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This is an excerpt from Explosive Lifting for Sports-Enhanced Edition.
There are several different methods of snatch technique.
Because of its popularity and relative ease of learning, I will reference thesquat style for both the snatch and the clean throughout this book. The split style, while not seen to any great extent in competitive weightlifting arenas today, is a viable method of lifting greater weights than by simply using the power style. The power style of snatch and clean implies that the athlete has little interest in achieving maximum lift performance but still wants to gain the benefits of training in an explosive manner.
The squat snatch is the preferred manner for lifting the most weight in the snatch. After your legs and hips lift the weight from the floor, you execute a powerful jump, immediately followed by a pulling motion with your upper body and arms. With a sufficiently heavy weight, the barbell cannot be pulled completely overhead, so you actually pull yourself under the bar while the weight continues upward. The barbell arrives at arms’ length about the time you arrive in a squat position under the bar. Stand up from the squat position to complete the lift.
Before the more efficient squat snatch technique was perfected, lifters used the split style. This requires a similar pulling motion, but at the height of the pull one foot is moved forward and the other rearward while still pulling the body underneath the barbell. As we discussed earlier, you can’t actually pull yourself against the barbell with your feet off the platform, and generally the split style requires your feet to remain in the air longer than in the squat style.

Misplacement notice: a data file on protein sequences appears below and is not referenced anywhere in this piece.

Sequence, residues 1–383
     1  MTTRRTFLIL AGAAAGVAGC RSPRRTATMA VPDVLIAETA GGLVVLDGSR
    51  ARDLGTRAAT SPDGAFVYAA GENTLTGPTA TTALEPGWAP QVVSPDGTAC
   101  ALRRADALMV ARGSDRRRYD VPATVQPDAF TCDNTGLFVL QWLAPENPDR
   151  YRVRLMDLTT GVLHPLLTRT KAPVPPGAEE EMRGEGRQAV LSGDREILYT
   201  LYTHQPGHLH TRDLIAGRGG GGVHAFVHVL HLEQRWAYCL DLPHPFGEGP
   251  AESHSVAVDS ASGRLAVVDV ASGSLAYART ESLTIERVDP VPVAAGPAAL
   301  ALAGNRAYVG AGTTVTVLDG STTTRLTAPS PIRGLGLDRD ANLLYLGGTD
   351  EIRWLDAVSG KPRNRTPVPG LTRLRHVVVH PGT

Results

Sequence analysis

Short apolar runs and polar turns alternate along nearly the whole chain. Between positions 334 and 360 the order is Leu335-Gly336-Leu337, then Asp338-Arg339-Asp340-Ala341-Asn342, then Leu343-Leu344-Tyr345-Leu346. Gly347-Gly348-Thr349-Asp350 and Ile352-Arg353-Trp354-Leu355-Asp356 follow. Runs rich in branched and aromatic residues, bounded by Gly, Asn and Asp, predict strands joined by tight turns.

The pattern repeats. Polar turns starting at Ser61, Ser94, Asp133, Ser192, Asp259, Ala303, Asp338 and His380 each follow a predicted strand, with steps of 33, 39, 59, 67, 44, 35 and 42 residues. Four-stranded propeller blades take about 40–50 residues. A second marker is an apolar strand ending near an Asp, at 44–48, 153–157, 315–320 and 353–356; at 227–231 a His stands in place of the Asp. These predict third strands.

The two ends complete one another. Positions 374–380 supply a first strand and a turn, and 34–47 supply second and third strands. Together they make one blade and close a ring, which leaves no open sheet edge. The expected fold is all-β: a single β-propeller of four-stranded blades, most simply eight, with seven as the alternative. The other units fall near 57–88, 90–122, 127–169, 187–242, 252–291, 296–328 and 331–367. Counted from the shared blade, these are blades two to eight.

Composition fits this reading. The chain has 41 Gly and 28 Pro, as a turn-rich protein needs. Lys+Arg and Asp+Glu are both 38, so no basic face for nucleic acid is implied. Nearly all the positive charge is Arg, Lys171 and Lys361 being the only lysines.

This style requires you to pull the bar a bit higher but results in a “catch” at arms’ length similar to the squat style. Recovery to a standing position is accomplished by bringing your feet back in line. Although the split style has nearly disappeared from the competitive platform, it is quite easy to learn and has many applications for athletes of all sports, particularly those who use “lunge” positions similar to the split, such as ice hockey or tennis players.
The power snatch is similar to the squat snatch, except you don’t lower into a full squat position. Athletes with flexibility restrictions, particularly in the wrists, shoulders, lower back, hips, and ankles, may choose this style of snatching. Very tall athletes often have trouble performing the squat snatch either due to limitations on their grip width (even when collar-to-collar on the bar) or combined flexibility concerns. The power snatch is a suitable alternative.
The final receiving position for the power snatch is a half-squat with the barbell fixed overhead. Since the body is not lowered as far as in the squat snatch, the barbell must be lifted higher, so lighter weights are used. The power snatch is easy to learn and is a common part of the training program for weightlifters and athletes from other sports. Any strength or power athlete should benefit from the use of the power snatch.